Data/Methods: This paper draws on data from the March/April 2014 Current Population Survey (CPS)-Child Support Supplement (CSS). I use data on about 3,000 custodial mothers with a child under 18 years old of whom about 12% lived in an extended-family household. My primary dependent variables are mother’s reports of whether a child support arrangement is in place and its type, and the father’s cash (formal and informal) and in-kind contributions. I separately examine whether any cash support is provided, and the amount. In-kind contributions are measured with a series of binary variables indicating whether the noncustodial father has provided clothes, food, gifts, has paid for child care or summer camp, or for medical expenses.
Results: Descriptive findings show no significant differences in the likelihood of having a child support arrangement, or the type of arrangement. However, CMs who live in extended-family households are less likely to receive any cash support (33%) compared to those who did not live in extended households (43%). The mean amount of cash support received by those in extended family households was $984 compared to $1,886 for those not in extended households. Measures of informal support show a similar pattern of CMs in extended-family households being less likely to receive gifts (50% vs 59%), clothes (37% vs 46%), food (25% vs 33%), contributions to child care (9% vs 12%), and for medical expenses (16% vs 23%). I further investigate these findings to understand whether the lack of contributions for those in extended-family households is related to their lower economic status, or to the potential effect of other adults in the CM’s household.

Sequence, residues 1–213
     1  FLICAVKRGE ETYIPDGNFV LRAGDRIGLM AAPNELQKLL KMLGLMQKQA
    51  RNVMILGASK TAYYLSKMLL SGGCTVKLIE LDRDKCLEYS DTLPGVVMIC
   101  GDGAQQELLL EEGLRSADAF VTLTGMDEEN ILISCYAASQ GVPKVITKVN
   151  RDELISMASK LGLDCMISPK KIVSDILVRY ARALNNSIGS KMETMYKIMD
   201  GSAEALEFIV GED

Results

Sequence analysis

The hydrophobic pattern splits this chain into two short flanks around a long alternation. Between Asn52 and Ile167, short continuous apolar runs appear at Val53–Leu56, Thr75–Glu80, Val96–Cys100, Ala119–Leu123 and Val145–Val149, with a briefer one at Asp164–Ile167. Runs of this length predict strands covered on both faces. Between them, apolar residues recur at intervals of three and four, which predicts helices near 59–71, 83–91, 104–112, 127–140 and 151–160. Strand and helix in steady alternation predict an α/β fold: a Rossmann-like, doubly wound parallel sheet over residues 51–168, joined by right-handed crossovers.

Conclusions/Implications: Results demonstrate the potential for extended-family members to influence NCFs preferences in providing cash and in-kind support to CMs households, which are usually already financially disadvantaged. A better understanding of extended-family households and the financial resources available to them can inform social work practice, as economic stability is an important social justice issue, particularly for complex, marginalized households. I discuss the implications of my findings for child support policy, child well-being, and for understanding more complex children’s living arrangements that go beyond the nuclear family.